Indonesia London Indonesia Sumatra Java Bali Su Timoti Indonesia Sydney Australia Lara England Larry Bali Jinja Cafe Lime Leaf UK Arby Newell Bala Knees Nause Goering Curry
"bala knees" Discussed on DAVIDBOWIE: ALBUMTOALBUM

DAVIDBOWIE: ALBUMTOALBUM

02:21 min | 6 months ago

"bala knees" Discussed on DAVIDBOWIE: ALBUMTOALBUM

"RCA records so becoming bats larger We're GONNA straighten into my favorite song on the album which is red sales and red sales by. It's that way it's slightly hokey. It's hard to get away with it. Now it's Brian. Did it would Tokyo Joan. Of course Hong Kong Garden. That's Comedy Oriental which I was highlighted as a song. I like some of the lyrics by that lights. The Comedy Oriental exactly which Bowie does in China as well this. Yeah Pisces. You say it's all the black notes so Blatt nuts. You can put me if you WanNa just right Bala knees music just play black notes and you'll get because they're all prissy they all there's nothing there's nothing this discordant with another now that you've got very tough motoric. German beat the band. Yeah hormone from the seventies had trickled Ralph and roomful and this is pretty much a direct list from the rhythm track swashbuckling erotic.

Blatt Bala knees Hong Kong Garden Tokyo Joan Ralph Bowie China
"bala knees" Discussed on WNYC 93.9 FM

WNYC 93.9 FM

03:24 min | 11 months ago

"bala knees" Discussed on WNYC 93.9 FM

"Playing around with the sounds of you the know voice kids young enough and probably the instrument to be is known grand alternately children as the given in free this or London the sin tear band Nubian they call twist it again brie he on this plays record the other Viber phones either in way the work it's a we're kind going of a here bass lute which is called there Addis are some people who to say London it it really from is the forerunner Nubian twists of the bass record guitar jungle run sonically you can see why people would say that you'll hear that instrument and the voice of the Moroccan master Majeed back us in this collaboration with the German jazz band called web web in a piece called Bala knee that's.

"bala knees" Discussed on Indie Travel Podcast

Indie Travel Podcast

03:47 min | 1 year ago

"bala knees" Discussed on Indie Travel Podcast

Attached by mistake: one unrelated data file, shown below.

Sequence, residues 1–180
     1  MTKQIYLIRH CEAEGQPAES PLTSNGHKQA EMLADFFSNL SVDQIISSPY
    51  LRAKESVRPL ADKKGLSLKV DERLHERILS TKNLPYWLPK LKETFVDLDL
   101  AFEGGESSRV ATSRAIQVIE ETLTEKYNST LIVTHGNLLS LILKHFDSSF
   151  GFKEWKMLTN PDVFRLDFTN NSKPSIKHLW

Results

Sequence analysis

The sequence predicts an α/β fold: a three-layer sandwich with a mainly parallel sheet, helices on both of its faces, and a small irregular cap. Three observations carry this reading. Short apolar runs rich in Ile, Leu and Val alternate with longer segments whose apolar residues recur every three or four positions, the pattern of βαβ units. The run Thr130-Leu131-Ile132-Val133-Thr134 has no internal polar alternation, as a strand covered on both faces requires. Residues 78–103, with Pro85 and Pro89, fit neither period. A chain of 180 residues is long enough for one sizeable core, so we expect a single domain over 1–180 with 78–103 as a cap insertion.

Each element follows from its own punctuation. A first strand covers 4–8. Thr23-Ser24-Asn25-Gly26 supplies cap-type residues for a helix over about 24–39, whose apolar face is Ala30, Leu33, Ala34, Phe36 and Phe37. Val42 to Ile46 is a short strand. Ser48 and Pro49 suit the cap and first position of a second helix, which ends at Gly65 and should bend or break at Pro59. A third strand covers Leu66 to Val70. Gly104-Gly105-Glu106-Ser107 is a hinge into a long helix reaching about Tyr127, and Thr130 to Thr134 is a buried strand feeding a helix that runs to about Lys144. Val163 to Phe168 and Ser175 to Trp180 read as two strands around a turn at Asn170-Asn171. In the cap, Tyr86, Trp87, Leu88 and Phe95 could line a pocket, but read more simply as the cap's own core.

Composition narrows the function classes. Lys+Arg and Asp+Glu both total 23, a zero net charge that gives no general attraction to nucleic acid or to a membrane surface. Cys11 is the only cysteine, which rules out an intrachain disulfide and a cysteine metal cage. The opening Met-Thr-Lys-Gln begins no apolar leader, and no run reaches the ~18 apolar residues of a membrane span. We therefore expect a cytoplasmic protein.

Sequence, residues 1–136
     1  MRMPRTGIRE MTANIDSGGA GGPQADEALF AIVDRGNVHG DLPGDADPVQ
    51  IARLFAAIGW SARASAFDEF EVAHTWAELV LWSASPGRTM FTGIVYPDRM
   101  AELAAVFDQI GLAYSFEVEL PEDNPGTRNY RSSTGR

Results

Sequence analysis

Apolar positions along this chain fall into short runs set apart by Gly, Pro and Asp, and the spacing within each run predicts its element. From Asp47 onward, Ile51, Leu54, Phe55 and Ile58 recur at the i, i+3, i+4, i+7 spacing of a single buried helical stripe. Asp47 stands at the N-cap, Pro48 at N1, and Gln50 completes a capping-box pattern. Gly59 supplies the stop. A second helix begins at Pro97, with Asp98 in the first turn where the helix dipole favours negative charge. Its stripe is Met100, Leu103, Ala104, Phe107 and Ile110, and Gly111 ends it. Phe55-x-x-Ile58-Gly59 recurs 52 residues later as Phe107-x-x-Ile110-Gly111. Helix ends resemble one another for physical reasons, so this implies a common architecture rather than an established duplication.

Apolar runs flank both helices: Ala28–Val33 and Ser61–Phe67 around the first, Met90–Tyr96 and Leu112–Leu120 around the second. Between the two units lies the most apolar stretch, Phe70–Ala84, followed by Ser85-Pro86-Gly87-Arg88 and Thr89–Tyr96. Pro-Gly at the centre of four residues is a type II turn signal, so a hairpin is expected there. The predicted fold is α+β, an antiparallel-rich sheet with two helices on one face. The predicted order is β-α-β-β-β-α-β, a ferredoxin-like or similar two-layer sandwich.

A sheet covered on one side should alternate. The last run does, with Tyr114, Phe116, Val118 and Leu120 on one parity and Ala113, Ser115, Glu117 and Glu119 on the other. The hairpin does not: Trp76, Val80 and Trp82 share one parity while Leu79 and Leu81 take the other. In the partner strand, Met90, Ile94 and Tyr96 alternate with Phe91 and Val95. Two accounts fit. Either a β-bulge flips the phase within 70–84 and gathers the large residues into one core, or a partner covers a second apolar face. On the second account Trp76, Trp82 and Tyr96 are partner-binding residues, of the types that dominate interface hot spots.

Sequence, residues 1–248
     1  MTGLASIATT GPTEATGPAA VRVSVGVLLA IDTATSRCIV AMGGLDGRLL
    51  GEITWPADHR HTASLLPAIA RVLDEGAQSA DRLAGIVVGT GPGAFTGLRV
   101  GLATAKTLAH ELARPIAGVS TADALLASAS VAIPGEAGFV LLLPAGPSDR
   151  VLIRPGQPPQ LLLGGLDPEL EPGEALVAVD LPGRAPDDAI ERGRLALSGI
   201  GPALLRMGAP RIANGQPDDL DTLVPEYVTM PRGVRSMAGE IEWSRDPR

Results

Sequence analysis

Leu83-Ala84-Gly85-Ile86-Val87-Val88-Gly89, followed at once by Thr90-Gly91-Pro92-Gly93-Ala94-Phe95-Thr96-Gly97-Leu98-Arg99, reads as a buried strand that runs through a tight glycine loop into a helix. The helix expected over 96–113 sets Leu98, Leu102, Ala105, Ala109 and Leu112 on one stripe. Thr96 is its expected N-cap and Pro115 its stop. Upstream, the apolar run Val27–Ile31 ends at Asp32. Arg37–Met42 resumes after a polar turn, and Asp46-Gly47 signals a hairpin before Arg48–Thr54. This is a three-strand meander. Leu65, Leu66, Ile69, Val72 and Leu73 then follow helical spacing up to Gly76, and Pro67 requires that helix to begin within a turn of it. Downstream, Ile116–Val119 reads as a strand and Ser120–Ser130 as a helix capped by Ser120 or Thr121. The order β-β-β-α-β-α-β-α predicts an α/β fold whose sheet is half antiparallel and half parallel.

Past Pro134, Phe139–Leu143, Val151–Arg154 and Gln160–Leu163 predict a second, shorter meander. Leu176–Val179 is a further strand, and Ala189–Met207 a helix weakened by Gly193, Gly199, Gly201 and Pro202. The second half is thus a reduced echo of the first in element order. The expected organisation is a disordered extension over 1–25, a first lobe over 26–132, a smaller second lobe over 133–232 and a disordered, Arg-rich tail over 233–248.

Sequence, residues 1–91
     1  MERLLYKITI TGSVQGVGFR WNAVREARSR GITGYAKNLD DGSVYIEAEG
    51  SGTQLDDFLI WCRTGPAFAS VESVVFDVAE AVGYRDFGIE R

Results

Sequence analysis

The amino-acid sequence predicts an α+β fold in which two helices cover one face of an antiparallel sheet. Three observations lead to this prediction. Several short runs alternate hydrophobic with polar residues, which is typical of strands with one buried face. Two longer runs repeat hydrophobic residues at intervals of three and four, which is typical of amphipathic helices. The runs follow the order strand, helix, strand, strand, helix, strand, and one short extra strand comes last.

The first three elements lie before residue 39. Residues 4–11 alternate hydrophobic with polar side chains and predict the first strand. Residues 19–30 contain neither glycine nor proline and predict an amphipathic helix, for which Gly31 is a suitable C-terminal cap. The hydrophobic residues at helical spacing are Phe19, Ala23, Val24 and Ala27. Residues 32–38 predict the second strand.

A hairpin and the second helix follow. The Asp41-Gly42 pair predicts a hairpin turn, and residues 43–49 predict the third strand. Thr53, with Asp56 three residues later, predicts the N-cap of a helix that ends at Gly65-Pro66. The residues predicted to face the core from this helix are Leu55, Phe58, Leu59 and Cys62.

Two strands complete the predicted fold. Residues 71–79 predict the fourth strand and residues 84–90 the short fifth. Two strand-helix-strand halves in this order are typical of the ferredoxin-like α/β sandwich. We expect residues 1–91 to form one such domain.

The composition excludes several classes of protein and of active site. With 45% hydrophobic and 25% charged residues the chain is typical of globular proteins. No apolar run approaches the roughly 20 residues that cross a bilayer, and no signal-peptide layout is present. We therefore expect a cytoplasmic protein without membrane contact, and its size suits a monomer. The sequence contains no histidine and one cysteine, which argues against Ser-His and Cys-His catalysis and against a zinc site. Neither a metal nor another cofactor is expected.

"So that's because there are a lot of samba parades and competitions around that. And just off. And I think it's one of those places once again, once in a lifetime experience of a million people go to Rio McConnell, which is in February. Next year. It's from I think the twenty first of Hebrew to the twenty six February. So it's around the indefinite height of summer. Remember southern hemisphere, and just Aw, so many people so much music, so much, five of really want to get your dates will change because it's based on Lynton Linda's based on eastern Easter is based on the phases of the moon, which don't match up so well with the Gregorian calendar, so. Yup. Absolutely. Check out the dates and get yourself in there. I think it's just so unique and that really speaks to the, the mix of people and events in the unique culture that Brazil has answered any kind of a celebrated all around the world. And I know that in Germany, for example, people get dressed up. My friend driest is always seem to me pictures of what he will that year and even goes to work dressed, as various things. You know, when you hit Jason's, a doctor, he's not a doctor that my friends in Spain drifters like characters from children's book, once they will pirates and it's just cool. Everyone gets dressed up so it celebrated in different ways all around the world. But I do think that the Rio carnival is something special. Yeah. There's definitely nothing like lint in New Zealand, not of my house, anyway. So thinking of Lizzie of ritual of all things sacred Litz jump over to Africa were in the city of phys Morocco they not only have good heads. They also they also have the fistful of world sacred music, each summer, and it's not obligatory to where the head. I guess, not that is just such a fantastic city. It's already got an other worldly. Feel is already got this mix of Karan jor and the ruggedness of life. And, you know, you can go and get lost in the smells and the sights of the Sook or just be amazed at the palace and the gardens around it. And then to add in this other layer of, of music that talks back to mystic traditions of thousands of years amazing. Yeah. I really enjoyed our time, and face, we didn't get to the fistful of we'll take a music. But I think it just sounds amazing such a great idea the celebrating traditions and different histories and cultures of music because so many cultures have religious tradition. And so many religions have music as part of that tradition. But they're also different severe how to bring that to get. It's just such a really cool idea. It's every year in usually in June. Sometimes in may this fistful of world, sacred music this year, it was from the fourteenth to the twenty second of turn. So it's just finished next year, that don't have a date just yet, but it's quite often two weeks after Ramadan around that time. Awesome. I've been looking at some of the clips and the promo material and things from the previous years, and it just looks amazing if it like really spreads everywhere, from Bala knees dancing through to music from the Italian Renaissance thing. You've got like sufism and all of that amazing tradition. The Soweto gospel, choir comes up from Soweto was there, lots of African influences. Well, so I saw some true Newseum hood plays and heaps of Moroccan music as well being the host. Yes, it's really cool. And the venues just amazing. I mean, beautiful locale..